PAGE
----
Appeal from the District Court of the Fourth Judicial District, State of Idaho, Ada County. Hon. Michael R. McLaughlin, District Judge.
2012 Unpublished Opinion No. 669
THIS IS AN UNPUBLISHED OPINION AND SHALL NOT BE CITED AS AUTHORITY
Judgment of conviction and unified sentence of nine years, with a minimum period of confinement of three years, for trafficking in methamphetamine, affirmed.
Before GRATTON, Chief Judge; GUTIERREZ, Judge; and MELANSON, Judge
Christopher Allan Holl pled guilty to trafficking in methamphetamine. Idaho Code § 37- 2732B(a)(4). The district court sentenced Holl to a unified term of nine years, with a minimum period of confinement of three years. Holl appeals asserting that the district court abused its discretion by imposing an excessive sentence.
The district court accepted an Idaho Criminal Rule 11 plea agreement, which called for the sentence which Holl received. Thus, Holl requested the sentence which he received. The doctrine of invited error applies to estop a party from asserting an error when his or her own conduct induces the commission of the error. Thomson v. Olsen, 147 Idaho 99, 106, 205 P.3d 1235, 1242 (2009). One may not complain of errors one has consented to or acquiesced in. Id.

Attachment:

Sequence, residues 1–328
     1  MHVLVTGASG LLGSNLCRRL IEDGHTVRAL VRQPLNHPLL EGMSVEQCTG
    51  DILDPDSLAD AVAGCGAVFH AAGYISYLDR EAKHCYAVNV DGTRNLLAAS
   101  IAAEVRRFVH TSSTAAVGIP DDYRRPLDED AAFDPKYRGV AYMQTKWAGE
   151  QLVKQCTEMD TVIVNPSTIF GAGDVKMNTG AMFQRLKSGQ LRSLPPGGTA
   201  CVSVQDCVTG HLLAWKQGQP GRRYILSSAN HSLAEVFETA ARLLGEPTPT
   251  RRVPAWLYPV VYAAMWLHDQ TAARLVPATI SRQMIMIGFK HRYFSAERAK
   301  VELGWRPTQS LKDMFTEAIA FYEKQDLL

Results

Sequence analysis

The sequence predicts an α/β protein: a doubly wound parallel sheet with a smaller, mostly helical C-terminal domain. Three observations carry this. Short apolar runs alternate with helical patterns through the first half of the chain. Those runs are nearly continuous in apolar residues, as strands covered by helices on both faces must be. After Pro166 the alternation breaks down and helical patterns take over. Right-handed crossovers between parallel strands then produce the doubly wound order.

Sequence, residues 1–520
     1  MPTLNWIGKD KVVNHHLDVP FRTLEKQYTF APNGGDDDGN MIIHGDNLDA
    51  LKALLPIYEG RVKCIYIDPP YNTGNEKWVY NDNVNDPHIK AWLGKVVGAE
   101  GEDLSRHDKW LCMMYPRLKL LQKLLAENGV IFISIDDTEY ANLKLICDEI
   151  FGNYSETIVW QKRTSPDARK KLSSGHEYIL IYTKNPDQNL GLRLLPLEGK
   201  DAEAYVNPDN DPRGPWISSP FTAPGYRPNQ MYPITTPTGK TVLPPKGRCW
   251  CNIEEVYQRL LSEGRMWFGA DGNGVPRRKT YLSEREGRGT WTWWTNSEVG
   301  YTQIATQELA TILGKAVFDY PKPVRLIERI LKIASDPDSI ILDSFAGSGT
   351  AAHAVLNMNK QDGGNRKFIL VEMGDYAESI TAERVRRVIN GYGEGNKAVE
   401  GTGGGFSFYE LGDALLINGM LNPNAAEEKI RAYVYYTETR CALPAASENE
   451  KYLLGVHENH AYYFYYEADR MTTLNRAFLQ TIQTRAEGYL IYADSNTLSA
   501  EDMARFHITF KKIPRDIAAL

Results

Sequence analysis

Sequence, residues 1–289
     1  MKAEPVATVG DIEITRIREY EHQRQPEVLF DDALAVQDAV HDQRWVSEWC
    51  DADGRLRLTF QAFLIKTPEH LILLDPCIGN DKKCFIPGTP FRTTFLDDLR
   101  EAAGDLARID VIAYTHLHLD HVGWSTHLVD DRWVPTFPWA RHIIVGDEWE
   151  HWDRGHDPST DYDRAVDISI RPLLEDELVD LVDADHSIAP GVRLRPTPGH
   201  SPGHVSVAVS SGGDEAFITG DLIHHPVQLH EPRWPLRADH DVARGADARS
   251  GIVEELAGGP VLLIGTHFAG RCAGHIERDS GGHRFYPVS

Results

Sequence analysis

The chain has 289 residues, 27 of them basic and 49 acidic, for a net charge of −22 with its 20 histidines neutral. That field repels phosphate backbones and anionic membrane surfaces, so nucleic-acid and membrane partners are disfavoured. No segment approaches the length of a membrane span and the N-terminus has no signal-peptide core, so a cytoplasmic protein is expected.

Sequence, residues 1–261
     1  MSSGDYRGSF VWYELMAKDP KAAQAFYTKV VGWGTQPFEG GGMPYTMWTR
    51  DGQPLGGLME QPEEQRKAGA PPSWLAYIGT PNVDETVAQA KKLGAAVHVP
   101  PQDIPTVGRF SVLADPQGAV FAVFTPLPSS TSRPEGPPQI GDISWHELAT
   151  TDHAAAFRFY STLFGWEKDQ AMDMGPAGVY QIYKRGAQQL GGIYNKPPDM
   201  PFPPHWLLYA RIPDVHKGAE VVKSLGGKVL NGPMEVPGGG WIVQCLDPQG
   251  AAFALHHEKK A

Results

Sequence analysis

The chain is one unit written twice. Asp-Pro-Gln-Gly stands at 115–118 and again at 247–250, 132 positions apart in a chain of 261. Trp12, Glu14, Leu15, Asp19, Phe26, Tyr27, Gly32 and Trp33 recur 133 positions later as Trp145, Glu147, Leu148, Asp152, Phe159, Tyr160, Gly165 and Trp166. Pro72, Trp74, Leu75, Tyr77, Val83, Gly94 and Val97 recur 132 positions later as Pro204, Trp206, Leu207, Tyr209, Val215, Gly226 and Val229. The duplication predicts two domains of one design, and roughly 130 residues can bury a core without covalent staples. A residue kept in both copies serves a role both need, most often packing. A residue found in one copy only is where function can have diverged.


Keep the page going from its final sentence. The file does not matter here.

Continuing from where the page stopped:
In short, invited errors are not reversible. Id. This doctrine applies to sentencing decisions as well as rulings made during trial. State v. Leyva, 117 Idaho 462, 465, 788 P.2d 864, 867 (Ct. App. 1990). Having requested the sentence he received through a Rule 11 plea agreement, Holl cannot now challenge his sentence as an abuse of the court's discretion.
Sentencing is a matter for the trial court's discretion. Both our standard of review and the factors to be considered in evaluating the reasonableness of the sentence are well established and need not be repeated here. See State v. Hernandez, 121 Idaho 114, 117-18, 822 P.2d 1011, 1014- 15 (Ct. App. 1991); State v. Lopez, 106 Idaho 447, 449-51, 680 P.2d 869, 871-73 (Ct. App. 1984); State v. Toohill, 103 Idaho 565, 568, 650 P.2d 707, 710 (Ct. App. 1982). When reviewing the length of a sentence, we consider the defendant's entire sentence. State v. Oliver, 144 Idaho 722, 726, 170 P.3d 387, 391 (2007). Applying these standards, and having reviewed the record in this case, we cannot say that the district court abused its discretion.
Therefore, Holl's judgment of conviction and sentence are affirmed.
© 1992-2012 VersusLaw ...